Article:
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108 Reviews
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4 of 4 people found the following review helpful
5.0 out of 5 stars Golden Harvest
I'm sure many people waited eagerly for this release and I was certainly one of them. The fear was that it would be a huge disappointment after Goldrush - well it wasn't. Harvest has taken on almost a mythical feel over the years.

Many consider it his best work and certainly it met with critical acclaim and is still talked of today. When Young releases a low...
Published on 11 April 2008 by Mr. Peter Steward

versus
3.0 out of 5 stars Three Stars
Bought as a gift. It arrived.
Published 7 months ago by Annabel


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5.0 out of 5 stars Five Stars, 30 Aug. 2014
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This review is from: Harvest (Audio CD)
Still one of the BEST!!!
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5.0 out of 5 stars Five Stars, 5 Feb. 2015
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Very good pressing 9/10
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5 of 9 people found the following review helpful
4.0 out of 5 stars Classic Neil Young, 10 Aug. 2009
By 
R. Butler (UK) - See all my reviews
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This review is from: Harvest (Audio CD)
Bought the LP when it came out and it was vintage Neil Young - and somehow wanted all his later releases to have the same sound and passion.

Only four stars though. For some reason his recordings are set at a low level. Having never purchased the CD I assumed the digitally mastered CD would be ramped up a bit, amd its not! Also no additional stuff to rekindle the flame a bit more.

Good CD though and well worth the money plus the sleeve notes and lyrics are all there like the original LP.
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5.0 out of 5 stars A must for any collection., 22 April 2015
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This review is from: Harvest (MP3 Download)
Classic and timeless.
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0 of 1 people found the following review helpful
5.0 out of 5 stars If You Like After The Gold Rush, Get Harvest !, 19 July 2009
By 
J. Thompson "Willingale" (Essex UK) - See all my reviews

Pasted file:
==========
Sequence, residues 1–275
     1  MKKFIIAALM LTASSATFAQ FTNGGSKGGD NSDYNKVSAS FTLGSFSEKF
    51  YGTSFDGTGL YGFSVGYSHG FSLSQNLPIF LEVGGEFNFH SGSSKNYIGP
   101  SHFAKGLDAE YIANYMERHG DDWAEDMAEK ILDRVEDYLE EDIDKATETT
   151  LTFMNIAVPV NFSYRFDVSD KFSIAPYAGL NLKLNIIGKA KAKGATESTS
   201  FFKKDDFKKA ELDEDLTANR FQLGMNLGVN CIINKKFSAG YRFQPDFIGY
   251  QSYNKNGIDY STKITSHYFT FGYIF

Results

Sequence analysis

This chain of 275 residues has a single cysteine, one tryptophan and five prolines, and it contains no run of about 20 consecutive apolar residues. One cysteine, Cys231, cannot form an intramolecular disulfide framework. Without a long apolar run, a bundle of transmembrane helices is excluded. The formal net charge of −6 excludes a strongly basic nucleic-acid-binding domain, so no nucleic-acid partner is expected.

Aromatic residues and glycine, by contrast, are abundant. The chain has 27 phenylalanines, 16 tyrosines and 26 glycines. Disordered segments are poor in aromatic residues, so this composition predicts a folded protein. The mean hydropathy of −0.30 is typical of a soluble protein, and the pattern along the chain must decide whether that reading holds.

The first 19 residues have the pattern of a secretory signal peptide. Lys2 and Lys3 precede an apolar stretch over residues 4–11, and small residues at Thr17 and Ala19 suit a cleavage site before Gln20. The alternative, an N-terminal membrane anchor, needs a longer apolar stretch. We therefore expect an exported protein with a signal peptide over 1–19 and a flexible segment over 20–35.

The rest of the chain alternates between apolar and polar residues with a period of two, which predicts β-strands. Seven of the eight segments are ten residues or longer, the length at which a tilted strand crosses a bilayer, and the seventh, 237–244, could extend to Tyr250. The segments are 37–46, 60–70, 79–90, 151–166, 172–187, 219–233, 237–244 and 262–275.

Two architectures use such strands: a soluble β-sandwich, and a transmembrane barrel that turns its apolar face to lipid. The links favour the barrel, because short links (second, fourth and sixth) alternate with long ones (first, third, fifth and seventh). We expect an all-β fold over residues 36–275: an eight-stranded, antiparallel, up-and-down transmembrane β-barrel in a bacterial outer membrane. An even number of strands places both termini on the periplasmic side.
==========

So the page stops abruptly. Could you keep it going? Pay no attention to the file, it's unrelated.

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This review is from: Harvest (Audio CD)
2 years after releasing After The Gold Rush, in 1972, Neil Young followed it up with Harvest.
The previous album rightly brought him to world wide attention and Harvest just continues the highest possible standards.
Great tracks include Out On The Weekend, Heart Of Gold, Old Man, Alabama and The Needle and The Damage Done.
Most tracks are acoustic driven, although Alabama is electric and There's A World and The Needle and The Damage Done are live recordings with orchestra in Barking Town Hall, East London.
Describe it as Country Rock if you like, whatever it is I rate this as totally essential in any Neil Young collection.
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0 of 1 people found the following review helpful
5.0 out of 5 stars Epic stuff, 28 Jan. 2009
This review is from: Harvest (Audio CD)
My second favourite Neil Young album but only by a slight margin. "Oh Alabama" hits all the right buttons. Righteous, with melody and the jangling guitar that modern bands have tried but failed to emulate. "A Man Needs a Maid" is not the anti-feminist song of the title - far from it. This is a plaintive song about how essential it is for a man to have a woman in his life. The accompanying orchestral on this tune and others gives the songs on this album an epic feel and it is both elegaic and monumental. Neil Young at his best.
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7 of 13 people found the following review helpful
5.0 out of 5 stars Brilliant, 24 Oct. 2001
This review is from: Harvest (Audio CD)
Tracks 4,9,10 = Outstanding
Tracks 1,3,8 = Excellent
Tracks 2,7 = Very Good
Tracks 6 = Good
Track 5 = Average
'Harvest' starts relaxing and ends really intensely. Similarly to the excellent 'After The Gold Rush', the album weakens a bit in the middle of the album. Jack Nitzsche returns, not only on the piano (as he was on 'After The Gold Rush'), but also returns with his string arrangements which were a main contributor to Young's self titled debut.